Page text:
The conservation charity is appealing for public help to raise the funds to buy Snaizeholme, near Hawes, where, if it is successful, it aims to plant trees and help woods naturally regenerate.
This will create new native woodland within different habitats that will also include meadows, grassland and peatland.
The project will protect and expand a nature reserve for rare red squirrels which live in pockets of plantation woodland with new native trees, and improve the habitat for otters which also make their home there.
The farmland site, which is near to the Ribblehead Viaduct and the long-distance Pennine Way walking trail, is on the open market so the Woodland Trust needs to complete the sale by the end of June.
Al Crosby, the Woodland Trust’s regional director in the north, said: “We are incredibly lucky to be given this unique opportunity to buy the site and create vibrant new native woodland for wildlife and people.
“It is a great chance to boost biodiversity at a time when the natural world is in crisis.
“Woodland birds will have a home there for the first time, and open scrub woodland should attract species like the black grouse.
“Trees will boost the water quality of the river and beck, safeguarding the resident otters, plus birds such as herons, grey wagtails, kingfishers and dippers.”
The £3.5 million the Woodland Trust hopes to raise would cover the cost not only of the land but also of the tree planting and woodland regeneration work, which it said is sorely needed in a wider landscape that has less than 5 per cent tree cover.
The trust said Snaizeholme would become a flagship woodland regeneration scheme for the wider Northern Forest project, and links in with the woodland strategy of the Yorkshire Dales National Park, in which it sits.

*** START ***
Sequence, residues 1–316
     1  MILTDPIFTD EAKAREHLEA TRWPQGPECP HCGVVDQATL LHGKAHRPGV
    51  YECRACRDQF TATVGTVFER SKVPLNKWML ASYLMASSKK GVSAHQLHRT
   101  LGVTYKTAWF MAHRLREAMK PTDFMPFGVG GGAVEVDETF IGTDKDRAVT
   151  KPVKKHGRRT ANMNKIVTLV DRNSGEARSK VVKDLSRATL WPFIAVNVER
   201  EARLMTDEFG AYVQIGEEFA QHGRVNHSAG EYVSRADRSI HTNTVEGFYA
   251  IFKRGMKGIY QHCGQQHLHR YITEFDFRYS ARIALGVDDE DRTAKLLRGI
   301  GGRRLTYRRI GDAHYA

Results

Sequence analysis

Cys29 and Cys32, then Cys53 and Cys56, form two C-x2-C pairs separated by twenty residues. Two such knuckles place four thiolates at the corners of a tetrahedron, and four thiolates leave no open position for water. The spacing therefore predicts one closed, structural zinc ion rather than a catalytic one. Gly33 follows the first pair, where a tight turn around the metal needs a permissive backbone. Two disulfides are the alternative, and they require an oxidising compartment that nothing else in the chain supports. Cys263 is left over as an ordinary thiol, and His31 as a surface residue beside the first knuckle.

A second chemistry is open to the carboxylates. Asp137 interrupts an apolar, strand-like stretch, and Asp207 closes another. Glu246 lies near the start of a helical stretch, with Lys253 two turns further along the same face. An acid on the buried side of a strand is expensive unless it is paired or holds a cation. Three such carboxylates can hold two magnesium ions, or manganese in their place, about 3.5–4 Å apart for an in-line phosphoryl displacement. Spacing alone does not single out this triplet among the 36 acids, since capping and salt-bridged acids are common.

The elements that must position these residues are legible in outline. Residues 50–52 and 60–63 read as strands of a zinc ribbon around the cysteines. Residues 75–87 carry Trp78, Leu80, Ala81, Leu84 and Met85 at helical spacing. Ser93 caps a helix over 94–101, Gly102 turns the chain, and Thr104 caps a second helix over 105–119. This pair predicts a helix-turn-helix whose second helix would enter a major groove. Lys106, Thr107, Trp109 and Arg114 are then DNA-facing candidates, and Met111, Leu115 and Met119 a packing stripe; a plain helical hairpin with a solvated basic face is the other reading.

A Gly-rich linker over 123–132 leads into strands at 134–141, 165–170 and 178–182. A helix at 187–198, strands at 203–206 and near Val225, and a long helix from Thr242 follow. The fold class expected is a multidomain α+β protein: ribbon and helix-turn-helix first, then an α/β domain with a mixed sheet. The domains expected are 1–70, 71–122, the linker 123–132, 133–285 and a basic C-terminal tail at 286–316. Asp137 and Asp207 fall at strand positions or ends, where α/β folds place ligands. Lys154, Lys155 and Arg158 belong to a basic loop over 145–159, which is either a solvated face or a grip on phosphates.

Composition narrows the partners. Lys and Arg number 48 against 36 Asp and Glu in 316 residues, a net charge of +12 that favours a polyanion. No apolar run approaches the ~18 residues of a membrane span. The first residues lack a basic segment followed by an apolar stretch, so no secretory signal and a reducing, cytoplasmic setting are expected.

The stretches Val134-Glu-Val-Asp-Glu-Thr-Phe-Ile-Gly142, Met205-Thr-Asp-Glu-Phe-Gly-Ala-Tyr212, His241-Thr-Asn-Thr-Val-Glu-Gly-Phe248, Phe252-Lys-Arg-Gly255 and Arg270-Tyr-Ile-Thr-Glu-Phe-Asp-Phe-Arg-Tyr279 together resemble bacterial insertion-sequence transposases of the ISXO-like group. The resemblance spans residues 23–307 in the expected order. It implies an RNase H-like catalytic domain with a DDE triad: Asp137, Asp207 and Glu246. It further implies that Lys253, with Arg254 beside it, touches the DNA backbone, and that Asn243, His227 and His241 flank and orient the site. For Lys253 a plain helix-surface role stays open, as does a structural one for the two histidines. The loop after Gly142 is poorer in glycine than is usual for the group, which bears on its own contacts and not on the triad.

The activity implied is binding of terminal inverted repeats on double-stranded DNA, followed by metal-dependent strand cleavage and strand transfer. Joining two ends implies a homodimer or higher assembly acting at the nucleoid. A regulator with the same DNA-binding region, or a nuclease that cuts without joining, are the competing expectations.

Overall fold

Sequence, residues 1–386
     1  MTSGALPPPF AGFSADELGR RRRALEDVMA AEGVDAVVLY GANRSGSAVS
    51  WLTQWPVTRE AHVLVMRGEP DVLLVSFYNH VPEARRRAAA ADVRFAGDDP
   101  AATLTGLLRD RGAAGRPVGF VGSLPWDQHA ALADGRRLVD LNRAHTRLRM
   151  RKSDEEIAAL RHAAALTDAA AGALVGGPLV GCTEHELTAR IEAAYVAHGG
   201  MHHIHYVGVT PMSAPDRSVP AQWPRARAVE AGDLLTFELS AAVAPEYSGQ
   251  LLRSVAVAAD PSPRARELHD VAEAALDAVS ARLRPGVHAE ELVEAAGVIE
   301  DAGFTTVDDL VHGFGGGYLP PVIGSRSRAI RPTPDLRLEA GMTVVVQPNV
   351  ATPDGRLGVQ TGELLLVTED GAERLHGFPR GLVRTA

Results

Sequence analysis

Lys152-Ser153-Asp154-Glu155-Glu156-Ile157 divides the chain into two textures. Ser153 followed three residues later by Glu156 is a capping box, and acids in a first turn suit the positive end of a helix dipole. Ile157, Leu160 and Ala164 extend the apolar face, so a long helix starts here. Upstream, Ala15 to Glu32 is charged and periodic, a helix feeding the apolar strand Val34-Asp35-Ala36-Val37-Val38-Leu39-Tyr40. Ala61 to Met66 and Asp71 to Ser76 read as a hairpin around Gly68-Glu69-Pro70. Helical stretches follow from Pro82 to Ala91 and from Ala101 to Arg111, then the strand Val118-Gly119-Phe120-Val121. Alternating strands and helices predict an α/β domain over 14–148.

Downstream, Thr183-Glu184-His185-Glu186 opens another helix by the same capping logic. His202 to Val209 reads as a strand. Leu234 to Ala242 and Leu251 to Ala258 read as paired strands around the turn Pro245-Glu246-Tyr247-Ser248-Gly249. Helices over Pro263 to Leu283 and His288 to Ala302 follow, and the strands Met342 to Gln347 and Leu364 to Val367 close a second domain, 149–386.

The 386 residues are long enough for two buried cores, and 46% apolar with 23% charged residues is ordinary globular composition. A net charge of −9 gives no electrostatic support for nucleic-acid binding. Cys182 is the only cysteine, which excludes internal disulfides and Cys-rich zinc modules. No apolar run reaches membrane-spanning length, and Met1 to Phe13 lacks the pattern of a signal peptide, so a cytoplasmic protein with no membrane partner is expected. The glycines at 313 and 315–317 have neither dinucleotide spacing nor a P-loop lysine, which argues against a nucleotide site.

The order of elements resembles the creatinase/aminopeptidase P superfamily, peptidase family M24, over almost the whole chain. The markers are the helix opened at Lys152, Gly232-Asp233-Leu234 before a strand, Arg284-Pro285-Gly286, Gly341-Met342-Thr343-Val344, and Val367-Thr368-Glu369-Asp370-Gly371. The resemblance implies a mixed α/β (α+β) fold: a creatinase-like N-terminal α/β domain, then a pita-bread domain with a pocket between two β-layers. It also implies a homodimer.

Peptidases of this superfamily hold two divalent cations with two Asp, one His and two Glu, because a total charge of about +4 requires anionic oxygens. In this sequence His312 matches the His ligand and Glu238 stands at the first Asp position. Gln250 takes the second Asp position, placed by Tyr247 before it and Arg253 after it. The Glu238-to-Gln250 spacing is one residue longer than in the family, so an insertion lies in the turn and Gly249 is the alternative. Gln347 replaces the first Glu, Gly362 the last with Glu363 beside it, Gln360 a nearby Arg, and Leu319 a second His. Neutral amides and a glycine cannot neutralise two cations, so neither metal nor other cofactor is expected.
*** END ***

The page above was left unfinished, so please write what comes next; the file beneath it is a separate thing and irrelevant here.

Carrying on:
“The Yorkshire Dales are of course well known for its wonderful culture, rolling landscape and villages and of course its Wensleydale cheese – the creamery is just four miles away from the site,” Mr Crosby said.
“If we’re successful we can enhance the area further by creating a unique and diverse woodland habitat.”
If it goes ahead, the scheme would look to link and buffer existing neighbouring woods, small patches of which are ancient woodland, with new woodland of native trees such as birch, oak, rowan, willow and Scots pine.
The trust hopes the existing wooded gullies would naturally regenerate, and it would also be restoring and caring for 167 acres of meadow and peatland as it seeks to create a mosaic of habitats which will include open valley bottom river meadows, upland grassland and montane scrub.
Snaizeholme is a managed ‘refuge’ area for our native red squirrels, whose numbers have been decimated by the invasive grey squirrel, brought into the UK from America by the Victorians.
Managing invasive species which include plants as well as animals and cost the British economy over £1.7 billion a year, is being highlighted this week as part of the sixth annual Invasive Species Awareness Week.